One day, as the great gate of Mithar was open, and its market of commerce was busy, an old man met a young boy. The boy asked of the scared face, limping man, “Sir, what do they do in the lighthouse tower?”
Because he was an old man with a limp he tired easily and sat down on a nearby stool. The old man answered with a question, “What is your name boy?”
He promptly replied, Josiah, the second born son of Barmathen of Sinjar, sir.”
The old man smiled, “Well, Josiah of Sinjar, what do you think of the Tower?”
Josiah thought for a moment then said, “I do not know sir, other than people seem changed once they leave.”
The old man sat up, looking puzzled, “How so?”
The boy struggled to find the right words to express his confusion, “They seem – not the same. Like they are made to yearn for more of whatever they see there. Then, they never join their old lives beyond these walls again. They are forbidden to speak of what happened to them and how they changed.”
The old man smiled, “I suppose some changes in a person’s life, Josiah of Sinjar cannot be expressed but must be experienced.”
The boy wondered, “Change?”
The seated old man continued, “We all change, in a different way, Josiah. Can one really lay a finger on the very moment when the world changed for them? We all yearn for something – more. Deeper understanding?”
Again, the visitor inquired for more, “Deeper understanding – of what?”
The old man rubbed his hurting leg, “See, even now are you beginning to yearn for more, hungering for the light.” He looked at the tower steps and pointed, “Do you see the guard, there? Go and ask to be let in and that it was I who instructed you, boy. Return to me tomorrow when the market gate opens again.”
The excited boy gave the old man a smile for talking with him. Through the busy crowds gathered about the city gate, Josiah made his way through the curving streets of Mithar to the very steps of the great lighthouse tower. He breathlessly climbed the many steps till at last, he landed upon the wide porch above.
The small boy found two tower guards, Legandriel and Nuthcorlan standing behind their great leaf shield. Each was stone-faced, silent and wielding a pike ax. They guarded the enormous iron-braced doors of Varlendur.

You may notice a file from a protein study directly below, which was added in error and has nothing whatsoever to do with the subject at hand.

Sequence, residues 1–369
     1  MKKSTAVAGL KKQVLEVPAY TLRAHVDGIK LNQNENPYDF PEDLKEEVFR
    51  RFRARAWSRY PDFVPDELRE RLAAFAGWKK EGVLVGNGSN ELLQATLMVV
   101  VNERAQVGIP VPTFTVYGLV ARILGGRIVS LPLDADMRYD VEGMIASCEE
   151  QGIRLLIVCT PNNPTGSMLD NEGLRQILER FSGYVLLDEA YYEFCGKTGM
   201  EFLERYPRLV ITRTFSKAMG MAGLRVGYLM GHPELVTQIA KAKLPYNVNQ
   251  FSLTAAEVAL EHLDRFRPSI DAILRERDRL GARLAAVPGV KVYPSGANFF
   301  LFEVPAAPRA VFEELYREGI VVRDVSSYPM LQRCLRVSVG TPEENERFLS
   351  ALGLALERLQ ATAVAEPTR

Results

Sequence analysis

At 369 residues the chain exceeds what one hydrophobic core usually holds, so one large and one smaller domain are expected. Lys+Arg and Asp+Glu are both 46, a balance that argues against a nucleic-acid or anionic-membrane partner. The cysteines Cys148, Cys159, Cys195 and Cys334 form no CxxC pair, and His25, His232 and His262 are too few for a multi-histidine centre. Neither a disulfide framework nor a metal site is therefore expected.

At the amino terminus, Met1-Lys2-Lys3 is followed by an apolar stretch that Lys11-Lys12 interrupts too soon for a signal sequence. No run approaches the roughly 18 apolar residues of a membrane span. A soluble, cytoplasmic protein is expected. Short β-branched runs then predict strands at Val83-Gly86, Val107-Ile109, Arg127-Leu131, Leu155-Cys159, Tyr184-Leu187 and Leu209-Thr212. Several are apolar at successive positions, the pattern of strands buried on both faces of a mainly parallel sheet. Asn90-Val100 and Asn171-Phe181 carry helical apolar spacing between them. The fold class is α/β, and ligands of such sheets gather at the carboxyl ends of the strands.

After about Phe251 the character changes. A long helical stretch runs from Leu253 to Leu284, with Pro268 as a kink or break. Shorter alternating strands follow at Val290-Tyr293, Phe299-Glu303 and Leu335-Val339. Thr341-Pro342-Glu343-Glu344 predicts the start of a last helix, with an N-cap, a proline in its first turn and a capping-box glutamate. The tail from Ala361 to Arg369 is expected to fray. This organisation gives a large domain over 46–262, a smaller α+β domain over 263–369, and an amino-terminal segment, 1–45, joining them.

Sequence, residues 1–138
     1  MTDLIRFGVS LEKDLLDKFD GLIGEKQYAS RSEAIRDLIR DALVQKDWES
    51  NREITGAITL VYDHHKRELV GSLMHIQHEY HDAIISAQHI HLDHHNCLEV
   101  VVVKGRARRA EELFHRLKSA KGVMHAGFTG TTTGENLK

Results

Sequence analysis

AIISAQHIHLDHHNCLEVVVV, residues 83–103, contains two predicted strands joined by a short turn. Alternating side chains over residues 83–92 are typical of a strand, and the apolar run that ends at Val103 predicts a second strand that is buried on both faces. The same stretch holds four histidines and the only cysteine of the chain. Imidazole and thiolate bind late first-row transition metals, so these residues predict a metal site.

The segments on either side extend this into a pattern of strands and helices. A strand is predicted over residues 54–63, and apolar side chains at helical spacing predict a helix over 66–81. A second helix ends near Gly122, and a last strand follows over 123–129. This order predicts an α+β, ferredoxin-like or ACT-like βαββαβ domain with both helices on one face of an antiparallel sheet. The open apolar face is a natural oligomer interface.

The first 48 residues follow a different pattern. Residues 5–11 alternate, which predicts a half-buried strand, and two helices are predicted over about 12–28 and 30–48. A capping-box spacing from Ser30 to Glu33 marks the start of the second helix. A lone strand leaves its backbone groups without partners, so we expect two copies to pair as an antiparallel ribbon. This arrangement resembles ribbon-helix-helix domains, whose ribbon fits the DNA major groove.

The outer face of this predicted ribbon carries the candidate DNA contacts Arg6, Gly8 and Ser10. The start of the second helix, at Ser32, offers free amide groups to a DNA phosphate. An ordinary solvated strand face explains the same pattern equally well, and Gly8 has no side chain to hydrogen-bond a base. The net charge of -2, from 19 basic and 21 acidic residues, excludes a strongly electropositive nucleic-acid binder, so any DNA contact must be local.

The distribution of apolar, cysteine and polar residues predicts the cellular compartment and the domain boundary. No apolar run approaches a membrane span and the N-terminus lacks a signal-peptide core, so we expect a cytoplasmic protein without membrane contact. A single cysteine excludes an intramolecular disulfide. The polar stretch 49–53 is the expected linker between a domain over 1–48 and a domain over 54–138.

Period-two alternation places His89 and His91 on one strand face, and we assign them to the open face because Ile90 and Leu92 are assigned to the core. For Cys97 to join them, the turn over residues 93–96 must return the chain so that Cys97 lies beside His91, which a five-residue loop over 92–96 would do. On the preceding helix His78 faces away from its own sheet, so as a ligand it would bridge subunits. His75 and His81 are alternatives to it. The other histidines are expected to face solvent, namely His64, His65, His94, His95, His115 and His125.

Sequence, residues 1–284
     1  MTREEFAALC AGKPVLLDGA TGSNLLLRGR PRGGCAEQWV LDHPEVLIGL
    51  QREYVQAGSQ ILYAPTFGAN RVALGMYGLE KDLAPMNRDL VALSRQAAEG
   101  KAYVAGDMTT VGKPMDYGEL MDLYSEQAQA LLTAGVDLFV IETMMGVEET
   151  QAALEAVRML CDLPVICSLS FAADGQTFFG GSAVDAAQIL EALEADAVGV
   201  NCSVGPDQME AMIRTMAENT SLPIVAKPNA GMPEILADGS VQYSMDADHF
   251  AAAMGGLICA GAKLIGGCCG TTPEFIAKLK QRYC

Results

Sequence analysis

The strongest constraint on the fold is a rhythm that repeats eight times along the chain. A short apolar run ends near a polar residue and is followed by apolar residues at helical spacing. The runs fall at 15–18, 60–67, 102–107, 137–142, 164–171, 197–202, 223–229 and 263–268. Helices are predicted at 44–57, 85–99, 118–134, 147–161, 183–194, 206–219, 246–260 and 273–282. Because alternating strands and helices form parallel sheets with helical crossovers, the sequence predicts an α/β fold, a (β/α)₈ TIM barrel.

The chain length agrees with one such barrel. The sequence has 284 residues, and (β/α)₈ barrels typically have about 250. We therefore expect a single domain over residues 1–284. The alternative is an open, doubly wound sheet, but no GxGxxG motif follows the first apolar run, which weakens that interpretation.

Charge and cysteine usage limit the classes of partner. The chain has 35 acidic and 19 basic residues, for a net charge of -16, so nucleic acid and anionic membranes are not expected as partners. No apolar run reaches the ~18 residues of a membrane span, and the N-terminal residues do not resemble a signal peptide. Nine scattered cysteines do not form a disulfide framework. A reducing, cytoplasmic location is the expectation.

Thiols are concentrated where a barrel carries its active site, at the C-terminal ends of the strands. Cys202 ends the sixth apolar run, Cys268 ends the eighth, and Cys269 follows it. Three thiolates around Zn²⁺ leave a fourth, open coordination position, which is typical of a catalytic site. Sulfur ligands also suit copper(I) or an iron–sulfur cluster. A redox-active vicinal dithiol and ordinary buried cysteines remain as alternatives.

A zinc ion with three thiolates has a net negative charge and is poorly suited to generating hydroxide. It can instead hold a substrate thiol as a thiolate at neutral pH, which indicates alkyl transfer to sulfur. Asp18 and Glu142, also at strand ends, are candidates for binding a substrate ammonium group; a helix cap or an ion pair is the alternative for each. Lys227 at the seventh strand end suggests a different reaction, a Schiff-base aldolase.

Josiah looked from one to the other and spoke, “I spoke to an old man with a limp near the statued gate, he said all I had to do was but ask and I could gain entrance.”
One of the mighty warriors asked, “Password?”
The boy was frozen, stunned and silenced. He had no password to give and slowly made his way down the lonely steps.
Another boy sat on the steps crying to himself as Josiah continued past him, “I cannot get in either, I must not even try.”
Mithar’s market attracted people from Lindol, Slavath, Sinjar, Kathos all eager to trade. Everyone came to share their crafts and bounty of food and clothing. The city gate was where news of the day was heard and passed on as validated truth. The market was only opened for four hours a day; two before and two after the noon hour, and then the great gates were ordered shut by the King himself.
The boy arrived early as he had been ushered out beyond the walls after being refused by the tower guards the day before, at closing time. When Josiah found the old man, just inside the open gate he asked, “You did not give me a password, why sir?”
The old man was quiet.
Josiah asked, “Sir, what is your name?”
The old man replied, “Sal’Gilvan.”
Smiling, the boy asked, “Gilvan, sir, what is ‘deeper-understanding’?”
Sal’Gilvan replied, looking at the boy in the eyes, “Outward people may never appreciate someone’s inward knowledge, my boy.”
Josiah looked about at all the people beneath the tent-booths bartering their goods for coins. He asked Gilvan, “Sir, how do I gain –this- deeper understanding?”
Again Gilvan took a seat as his leg caused him much pain. “You begin by reading the Book of Books! For it contains the accurate knowledge of deeper understanding. But, only if one rightly discerns its hidden passages in the true light, then shall it become open before you. For even the holiest of ancient relics, The Scroll and Box of Seariphim, there are foreshadowed mysteries yet to be revealed to us.”
The boy felt lost or blind to what the old man was trying to teach him; nevertheless, he listened, wondering about the words he used and admiring his wisdom.
Sal’Gilvan saw the boy pondering and asked, “Josiah, second son of Barmathen from Sinjar, are you ready to begin your journey?”
Josiah said, “Yes!”
Then, standing from his seat the old man told the boy, “Go to the tower guard and ask to begin, when he desires a word from you, you must say: ‘Servant’s heart’.” Limping away the scared face old man disappeared among the crowds.
Running from that place as fast as he could, through the busy people, and curved streets Josiah once again made his way up the height tower stairs. He remembered the crying boy and did not want to be one. At the porch, before the solemn guards, Josiah said, “I am here to begin my journey.”